Margins Tax Initiative: A Look at the Details

Running a business is no small feat in today’s economic environment. The negative impact of declining tax revenues from America’s businesses and citizens has been felt in local communities. These falling revenues are resulting in unprecedented steps being taken by municipality after municipality across the country. Closer to home, the example of North Las Vegas’ efforts to deal with its fiscal crisis shows that Nevadans share the pain as well.

Another recent example is the proposed Margin Tax under the Education Initiative which taxes the modified gross revenue of a business. Under this proposal, a 2 percent tax would be levied on a business with revenues in excess of $1,000,000. It is inevitable that Texas will be referenced in the ensuing debate as the state, like Nevada, does not tax income and has implemented a similar program. The Education Initiative in Nevada went even further and upped the tax ante suggesting a rate between two and four times the Texas tax rate.

The controversial and heavily challenged Texas Franchise Tax has had a disproportionate effect on various industries in Texas. The same will be true of the proposed Nevada Margin Tax, which allows businesses to reduce defined revenue by either: a) 30 percent of revenue; b) labor (excluding wages in excess of $300,000 and 1099 contract labor); or c) cost of goods sold.

From a financial perspective, as CFOs of businesses look at an additional cost, they will have to fight to keep alive companies that are minimally profitable. Some employers out of necessity may lay off employees and hold back wage increases. The cumulative impact will be to reduce business activity. Texas recognized the potentially devastating impact of the tax on the retail sector, for example, and cut the rate to the sector by 50 percent. There is a significant potential negative impact on many types of businesses in our state.

Take, for example, a company with $10 million gross revenue that has a $4 million labor cost and a $3 million cost of goods sold with a five percent net pre-tax profit margin of $500,000. The business faces a Margin Tax of $120,000 under the Education Initiative. What business owner would want to effectively pay nearly 25 percent of his or her profit in a state business tax? This is in addition to $170,000 of federal tax liability if the business is a C Corporation. The business would be required to pay nearly 60 percent of its income in combined state and federal tax, with a large share going to our supposed low tax environment state of Nevada. What is left for the business is about $200,000 in profit. This example does not take into consideration additional taxes to an S Corporation business owner due to the expiration of the Bush tax cuts and rising federal tax rates on “wealthy” tax payers. The above result is significantly more negative if the firm has a loss before the imposition of the Margin Tax.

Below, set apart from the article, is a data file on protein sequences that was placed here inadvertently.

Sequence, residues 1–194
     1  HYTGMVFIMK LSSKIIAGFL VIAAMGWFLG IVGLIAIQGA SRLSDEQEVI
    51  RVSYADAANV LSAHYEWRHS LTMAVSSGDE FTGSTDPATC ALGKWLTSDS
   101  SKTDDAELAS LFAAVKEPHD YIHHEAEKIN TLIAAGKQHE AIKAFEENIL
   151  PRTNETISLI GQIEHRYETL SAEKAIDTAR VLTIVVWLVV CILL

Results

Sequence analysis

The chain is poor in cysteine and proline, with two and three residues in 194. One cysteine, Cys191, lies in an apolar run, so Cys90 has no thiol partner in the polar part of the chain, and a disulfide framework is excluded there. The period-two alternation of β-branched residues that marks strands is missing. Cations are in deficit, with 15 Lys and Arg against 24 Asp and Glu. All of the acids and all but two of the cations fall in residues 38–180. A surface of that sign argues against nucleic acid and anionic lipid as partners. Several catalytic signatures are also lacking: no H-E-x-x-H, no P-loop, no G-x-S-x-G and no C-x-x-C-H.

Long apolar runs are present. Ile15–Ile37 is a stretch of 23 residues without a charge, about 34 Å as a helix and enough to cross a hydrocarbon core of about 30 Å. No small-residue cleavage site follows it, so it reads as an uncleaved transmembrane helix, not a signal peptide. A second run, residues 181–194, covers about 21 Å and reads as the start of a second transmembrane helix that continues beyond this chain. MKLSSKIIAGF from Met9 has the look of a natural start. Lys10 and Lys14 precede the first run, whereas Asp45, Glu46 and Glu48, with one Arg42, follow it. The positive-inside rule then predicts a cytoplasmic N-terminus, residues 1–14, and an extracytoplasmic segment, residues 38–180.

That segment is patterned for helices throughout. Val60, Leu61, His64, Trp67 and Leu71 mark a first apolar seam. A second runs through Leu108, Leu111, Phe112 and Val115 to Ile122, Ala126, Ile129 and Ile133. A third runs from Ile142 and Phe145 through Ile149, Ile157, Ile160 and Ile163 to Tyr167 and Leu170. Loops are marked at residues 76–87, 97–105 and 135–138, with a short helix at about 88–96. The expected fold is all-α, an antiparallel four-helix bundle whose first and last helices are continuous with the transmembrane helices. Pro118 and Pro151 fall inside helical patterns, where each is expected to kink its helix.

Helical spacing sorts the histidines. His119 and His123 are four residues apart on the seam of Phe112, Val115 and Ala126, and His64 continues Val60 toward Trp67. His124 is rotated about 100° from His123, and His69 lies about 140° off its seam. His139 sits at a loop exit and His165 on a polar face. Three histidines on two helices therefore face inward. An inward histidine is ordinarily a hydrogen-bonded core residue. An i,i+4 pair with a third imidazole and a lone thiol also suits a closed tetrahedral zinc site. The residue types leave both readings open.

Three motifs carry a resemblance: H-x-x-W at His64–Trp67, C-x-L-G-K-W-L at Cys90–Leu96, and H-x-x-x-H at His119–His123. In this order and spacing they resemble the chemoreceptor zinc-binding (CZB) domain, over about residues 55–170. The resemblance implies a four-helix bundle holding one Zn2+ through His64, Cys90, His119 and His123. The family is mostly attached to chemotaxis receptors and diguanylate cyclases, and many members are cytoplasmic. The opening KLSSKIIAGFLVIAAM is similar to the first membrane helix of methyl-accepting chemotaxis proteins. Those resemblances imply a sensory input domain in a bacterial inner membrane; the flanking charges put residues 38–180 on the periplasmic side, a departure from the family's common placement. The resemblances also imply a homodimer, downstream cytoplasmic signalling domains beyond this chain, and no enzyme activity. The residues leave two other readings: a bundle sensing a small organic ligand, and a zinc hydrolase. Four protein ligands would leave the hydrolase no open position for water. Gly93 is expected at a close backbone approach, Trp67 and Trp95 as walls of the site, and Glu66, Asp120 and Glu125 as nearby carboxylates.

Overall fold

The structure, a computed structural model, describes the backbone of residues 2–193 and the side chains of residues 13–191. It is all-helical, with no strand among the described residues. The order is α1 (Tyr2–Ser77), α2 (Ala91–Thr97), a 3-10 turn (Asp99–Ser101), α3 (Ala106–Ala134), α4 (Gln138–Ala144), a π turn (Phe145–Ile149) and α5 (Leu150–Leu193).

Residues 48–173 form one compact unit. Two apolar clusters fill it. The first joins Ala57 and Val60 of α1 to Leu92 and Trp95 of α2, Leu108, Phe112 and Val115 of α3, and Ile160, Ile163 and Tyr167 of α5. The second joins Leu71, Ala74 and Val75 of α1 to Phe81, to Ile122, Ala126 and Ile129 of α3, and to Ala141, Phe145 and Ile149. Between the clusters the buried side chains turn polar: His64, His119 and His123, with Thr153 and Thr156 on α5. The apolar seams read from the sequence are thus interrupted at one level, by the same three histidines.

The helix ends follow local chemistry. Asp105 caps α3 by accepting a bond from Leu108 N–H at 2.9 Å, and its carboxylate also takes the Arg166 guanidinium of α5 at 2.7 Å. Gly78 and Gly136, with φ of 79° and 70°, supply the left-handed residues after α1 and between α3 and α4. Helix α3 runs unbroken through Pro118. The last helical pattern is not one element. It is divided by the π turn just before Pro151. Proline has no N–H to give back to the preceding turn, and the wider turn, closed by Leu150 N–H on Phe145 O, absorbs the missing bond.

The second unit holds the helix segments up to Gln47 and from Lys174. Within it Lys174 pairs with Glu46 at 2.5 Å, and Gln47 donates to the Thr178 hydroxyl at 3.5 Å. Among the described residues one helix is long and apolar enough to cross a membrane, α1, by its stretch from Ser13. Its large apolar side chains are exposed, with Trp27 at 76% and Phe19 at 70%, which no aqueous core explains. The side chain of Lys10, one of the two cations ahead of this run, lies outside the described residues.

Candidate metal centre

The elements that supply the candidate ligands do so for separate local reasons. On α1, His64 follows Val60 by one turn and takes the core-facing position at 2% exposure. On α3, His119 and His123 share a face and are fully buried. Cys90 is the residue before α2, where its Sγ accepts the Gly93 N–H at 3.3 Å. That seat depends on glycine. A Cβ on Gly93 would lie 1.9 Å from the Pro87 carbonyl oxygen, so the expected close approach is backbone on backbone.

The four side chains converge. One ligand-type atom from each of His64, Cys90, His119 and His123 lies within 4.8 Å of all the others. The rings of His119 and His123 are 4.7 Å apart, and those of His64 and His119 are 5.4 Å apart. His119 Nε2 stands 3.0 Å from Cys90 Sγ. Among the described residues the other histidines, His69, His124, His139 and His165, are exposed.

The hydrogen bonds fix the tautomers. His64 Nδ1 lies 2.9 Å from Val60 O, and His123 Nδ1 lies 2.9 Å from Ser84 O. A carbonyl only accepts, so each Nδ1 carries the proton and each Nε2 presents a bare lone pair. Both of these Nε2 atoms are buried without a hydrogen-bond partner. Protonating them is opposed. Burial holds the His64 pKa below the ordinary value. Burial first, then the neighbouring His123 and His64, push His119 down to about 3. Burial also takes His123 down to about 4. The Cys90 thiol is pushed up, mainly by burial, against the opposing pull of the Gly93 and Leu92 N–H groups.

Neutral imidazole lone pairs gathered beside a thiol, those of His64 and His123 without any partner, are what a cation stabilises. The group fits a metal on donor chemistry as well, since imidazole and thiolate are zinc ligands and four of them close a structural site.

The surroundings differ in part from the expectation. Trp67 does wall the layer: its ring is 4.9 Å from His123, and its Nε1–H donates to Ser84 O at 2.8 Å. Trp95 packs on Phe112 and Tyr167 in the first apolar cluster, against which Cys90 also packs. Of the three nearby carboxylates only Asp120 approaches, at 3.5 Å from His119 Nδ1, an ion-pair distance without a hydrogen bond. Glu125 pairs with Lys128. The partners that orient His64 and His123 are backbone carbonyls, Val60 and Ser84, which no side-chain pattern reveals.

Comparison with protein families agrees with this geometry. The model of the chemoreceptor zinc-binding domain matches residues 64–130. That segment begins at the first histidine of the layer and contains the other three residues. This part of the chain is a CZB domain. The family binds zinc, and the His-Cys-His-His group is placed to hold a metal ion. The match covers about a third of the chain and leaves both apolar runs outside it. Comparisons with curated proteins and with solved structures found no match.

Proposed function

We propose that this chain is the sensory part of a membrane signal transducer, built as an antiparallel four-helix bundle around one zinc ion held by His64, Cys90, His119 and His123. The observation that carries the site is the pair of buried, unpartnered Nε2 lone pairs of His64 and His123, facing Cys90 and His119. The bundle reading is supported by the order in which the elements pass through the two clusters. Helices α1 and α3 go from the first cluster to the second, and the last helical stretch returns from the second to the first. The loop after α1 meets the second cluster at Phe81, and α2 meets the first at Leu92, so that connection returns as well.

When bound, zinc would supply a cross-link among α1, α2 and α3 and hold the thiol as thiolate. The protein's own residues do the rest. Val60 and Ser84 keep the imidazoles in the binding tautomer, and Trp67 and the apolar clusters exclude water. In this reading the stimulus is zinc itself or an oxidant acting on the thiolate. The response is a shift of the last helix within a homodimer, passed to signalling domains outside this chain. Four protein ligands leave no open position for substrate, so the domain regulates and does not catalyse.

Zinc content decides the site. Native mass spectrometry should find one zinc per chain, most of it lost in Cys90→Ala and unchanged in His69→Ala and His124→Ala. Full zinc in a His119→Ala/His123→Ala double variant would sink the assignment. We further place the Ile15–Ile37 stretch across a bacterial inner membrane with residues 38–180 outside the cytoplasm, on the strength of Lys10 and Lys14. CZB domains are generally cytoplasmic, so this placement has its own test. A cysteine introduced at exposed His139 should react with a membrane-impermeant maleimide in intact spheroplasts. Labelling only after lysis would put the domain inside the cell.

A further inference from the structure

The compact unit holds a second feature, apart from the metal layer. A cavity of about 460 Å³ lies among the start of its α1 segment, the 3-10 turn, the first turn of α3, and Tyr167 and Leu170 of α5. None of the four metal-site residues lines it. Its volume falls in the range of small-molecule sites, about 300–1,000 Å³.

While the Nevada Margin Tax is supposedly modeled on the Texas Franchise Tax, it does not contain many of the provisions that Texas law contains to define filing requirements for commonly owned businesses, for example. Texas law also contains many provisions that relate to specific industries, such as medical services and real estate to apply the tax in a manner that deals with industry specific issues. The Texas Franchise Tax has been modified many times since its inception in 2008. It is of vital importance to understand, then, that a proposed Nevada Margin Tax cannot be modified at all for three years after passage. A badly conceived and badly written law will be unchangeable for three years. This is Kafka-esque at best.

Every business owner with over $1 million of revenue will experience a significant impact from the Nevada Margin Tax. In addition to the tax itself, the costs to compile the separate data necessary to compute the tax and to prepare the tax returns will be onerous. The public battle on the Margins Tax will be a sound bite for the residents of Nevada, who may not understand the negative short and long term impacts on Nevada.

While there will be various specific experiences with the proposed Margin Tax, this much is certain; many successful businesses simply will not locate in or stay in Nevada. Business-owners and community leaders must discuss, in a non-partisan fashion, the impact that a significant increase in taxation will have on Nevada.

Co-written by: Curt Anderson, Jason Thomas and Leonard Wright of Fair, Anderson & Langerman.

  • Texas72

    Texas is already looking at abolishing its franchise tax. At the beginning of March (2014) 9 out 10 Texans voted to abolish the Texas franchise tax/ margin. Now it’s up to Texas law makers to give the voters what they want